A nice illustration comes from the first pages of this work. Take some ordinary point-particle, which traces out a worldline over time $t$. The thrust of the idea is that, given some charge, there is a connection in some bundle (yet unspecified) such that, locally, a group element $g \in G$ is associated to the path. Diagrammatically this may be represented as,

Now consider some time $t^{\prime}$, where $t^{\prime} > t$. The particle has travelled a bit further,

We can of course compose these paths. The composition is associative and the operation is multiplication. In fact, what we’re doing is multiplying the group elements. We can also define an inverse $g^{-1}$. The punchline is that, from the theory of fibre bundles with connection, we can consider how this local picture may fit globally. If $g$ is an element in a non-abelian group, the particle we are generalising is non-abelian. Generalise from a point-particle to a string, and the diagrammatic representation of the world-sheet takes the form

Ultimately, we can continue to play this game and develop the theory of non-abelian strings (and on to higher-dimensional branes), which, it turns out, corresponds with a 2-category theory [7,8]. Sparing details, in n-category theory a 2-category is a special type of category wherein, besides morphisms between objects, it possesses morphisms between morphisms. What is interesting about this example is how we can go on to show the idea of SUSY quantum mechanics on loop space relates to ideas in higher gauge theory, particularly in the sense of categorifying standard gauge theory. For example, John Baez’s paper on higher Yang-Mills . But even before all of that, from the view of perturbative string theory being the categorification of supersymmetric quantum mechanics, we can play the same game such that the generalisation of the membranes of M-theory are a categorification of the supersymmetric string, and so on. The intriguing and, perhaps, grand idea, is that this process of stringification as categorification can be utilised to describe the whole of physics, or, so, it is suspected.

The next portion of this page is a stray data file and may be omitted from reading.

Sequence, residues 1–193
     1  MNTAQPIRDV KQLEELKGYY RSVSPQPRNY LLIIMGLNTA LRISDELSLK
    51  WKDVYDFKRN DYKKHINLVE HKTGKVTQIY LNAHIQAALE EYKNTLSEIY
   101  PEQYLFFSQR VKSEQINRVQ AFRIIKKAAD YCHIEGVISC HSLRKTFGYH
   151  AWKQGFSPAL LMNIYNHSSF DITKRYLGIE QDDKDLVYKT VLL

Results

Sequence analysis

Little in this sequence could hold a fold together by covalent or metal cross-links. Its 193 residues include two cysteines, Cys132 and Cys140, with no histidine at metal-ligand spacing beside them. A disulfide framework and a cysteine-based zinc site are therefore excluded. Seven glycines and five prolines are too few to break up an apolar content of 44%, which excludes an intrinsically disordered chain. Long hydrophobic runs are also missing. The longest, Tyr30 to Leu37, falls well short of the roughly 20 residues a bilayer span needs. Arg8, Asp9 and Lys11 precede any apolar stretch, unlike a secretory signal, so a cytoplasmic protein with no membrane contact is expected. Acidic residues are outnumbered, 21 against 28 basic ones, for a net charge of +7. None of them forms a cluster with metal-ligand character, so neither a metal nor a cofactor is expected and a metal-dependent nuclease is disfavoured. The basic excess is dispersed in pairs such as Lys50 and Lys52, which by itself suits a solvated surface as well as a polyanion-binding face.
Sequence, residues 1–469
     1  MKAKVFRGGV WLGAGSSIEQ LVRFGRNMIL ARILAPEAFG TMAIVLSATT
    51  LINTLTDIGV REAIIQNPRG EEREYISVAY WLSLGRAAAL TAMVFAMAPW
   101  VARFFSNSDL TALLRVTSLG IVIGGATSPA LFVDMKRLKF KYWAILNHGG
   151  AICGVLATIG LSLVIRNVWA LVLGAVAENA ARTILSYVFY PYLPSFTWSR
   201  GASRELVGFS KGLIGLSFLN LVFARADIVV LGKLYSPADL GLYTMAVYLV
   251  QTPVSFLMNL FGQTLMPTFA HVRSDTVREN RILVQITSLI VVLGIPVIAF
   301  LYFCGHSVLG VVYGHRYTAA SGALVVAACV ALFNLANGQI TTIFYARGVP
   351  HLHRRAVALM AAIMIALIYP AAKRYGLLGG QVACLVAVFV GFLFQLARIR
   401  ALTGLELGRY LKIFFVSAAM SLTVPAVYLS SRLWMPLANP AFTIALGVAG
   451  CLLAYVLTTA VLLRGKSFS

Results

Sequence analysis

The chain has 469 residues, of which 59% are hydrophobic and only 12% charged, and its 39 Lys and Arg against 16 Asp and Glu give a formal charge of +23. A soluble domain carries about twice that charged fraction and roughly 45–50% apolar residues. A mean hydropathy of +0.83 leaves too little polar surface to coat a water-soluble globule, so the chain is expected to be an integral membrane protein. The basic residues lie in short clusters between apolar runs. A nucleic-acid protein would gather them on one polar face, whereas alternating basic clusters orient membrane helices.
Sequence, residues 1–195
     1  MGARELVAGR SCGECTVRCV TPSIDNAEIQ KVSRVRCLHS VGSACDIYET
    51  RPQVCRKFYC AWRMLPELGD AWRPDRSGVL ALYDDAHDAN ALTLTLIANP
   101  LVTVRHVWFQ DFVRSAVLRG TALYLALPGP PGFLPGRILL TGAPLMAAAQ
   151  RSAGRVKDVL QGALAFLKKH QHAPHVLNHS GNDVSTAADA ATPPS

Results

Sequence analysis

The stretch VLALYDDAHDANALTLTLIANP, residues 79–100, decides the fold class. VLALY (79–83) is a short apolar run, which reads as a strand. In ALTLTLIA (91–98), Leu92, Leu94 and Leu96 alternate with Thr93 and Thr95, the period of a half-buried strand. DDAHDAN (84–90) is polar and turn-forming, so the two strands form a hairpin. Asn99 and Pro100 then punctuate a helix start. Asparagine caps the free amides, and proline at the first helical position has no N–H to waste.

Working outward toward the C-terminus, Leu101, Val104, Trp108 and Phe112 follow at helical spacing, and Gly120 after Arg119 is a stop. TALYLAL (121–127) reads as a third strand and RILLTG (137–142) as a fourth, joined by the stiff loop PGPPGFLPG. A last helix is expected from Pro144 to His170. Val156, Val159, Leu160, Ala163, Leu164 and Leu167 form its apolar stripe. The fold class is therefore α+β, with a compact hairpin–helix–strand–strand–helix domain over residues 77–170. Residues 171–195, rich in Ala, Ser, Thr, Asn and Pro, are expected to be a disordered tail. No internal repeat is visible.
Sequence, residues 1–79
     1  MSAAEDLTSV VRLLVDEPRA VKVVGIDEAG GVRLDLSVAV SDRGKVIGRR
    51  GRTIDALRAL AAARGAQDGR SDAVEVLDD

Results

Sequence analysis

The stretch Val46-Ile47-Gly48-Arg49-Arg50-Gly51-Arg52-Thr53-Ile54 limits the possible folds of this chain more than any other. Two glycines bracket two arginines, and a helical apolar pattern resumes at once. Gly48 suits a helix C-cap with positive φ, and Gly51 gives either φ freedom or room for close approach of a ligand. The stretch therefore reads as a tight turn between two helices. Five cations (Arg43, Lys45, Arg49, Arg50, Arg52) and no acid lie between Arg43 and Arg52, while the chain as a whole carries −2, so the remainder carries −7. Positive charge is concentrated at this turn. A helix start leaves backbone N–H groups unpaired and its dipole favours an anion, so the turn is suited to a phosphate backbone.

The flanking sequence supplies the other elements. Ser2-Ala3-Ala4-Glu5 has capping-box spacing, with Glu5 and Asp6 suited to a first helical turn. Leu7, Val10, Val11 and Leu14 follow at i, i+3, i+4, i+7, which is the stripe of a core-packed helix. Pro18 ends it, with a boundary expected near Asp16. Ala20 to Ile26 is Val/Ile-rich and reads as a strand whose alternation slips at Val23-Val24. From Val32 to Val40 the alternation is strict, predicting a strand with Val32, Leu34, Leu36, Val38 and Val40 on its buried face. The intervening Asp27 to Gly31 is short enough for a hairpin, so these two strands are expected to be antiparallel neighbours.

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I’ve been thinking about this picture quite a bit recently, perhaps spurred by all of my ongoing studies in M-theory. The view to be encircled, as the notion of categorisation enters the stringy picture, also marks for me the beginning of the story about higher structures in fundamental physics (in terms of the view of category theory and higher category theory). In a sense, as much as I currently understand it (as I am very much in the process of studying and forming my thoughts on the matter) we are encircling not much more than an abstract story; but it is one in which many tantalising hints exist about a potentially foundational view.